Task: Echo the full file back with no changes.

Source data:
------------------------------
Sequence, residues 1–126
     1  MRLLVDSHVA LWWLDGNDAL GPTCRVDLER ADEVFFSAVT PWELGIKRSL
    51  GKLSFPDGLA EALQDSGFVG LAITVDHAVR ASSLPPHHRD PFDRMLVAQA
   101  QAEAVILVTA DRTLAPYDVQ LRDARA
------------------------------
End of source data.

Sequence, residues 1–126
     1  MRLLVDSHVA LWWLDGNDAL GPTCRVDLER ADEVFFSAVT PWELGIKRSL
    51  GKLSFPDGLA EALQDSGFVG LAITVDHAVR ASSLPPHHRD PFDRMLVAQA
   101  QAEAVILVTA DRTLAPYDVQ LRDARA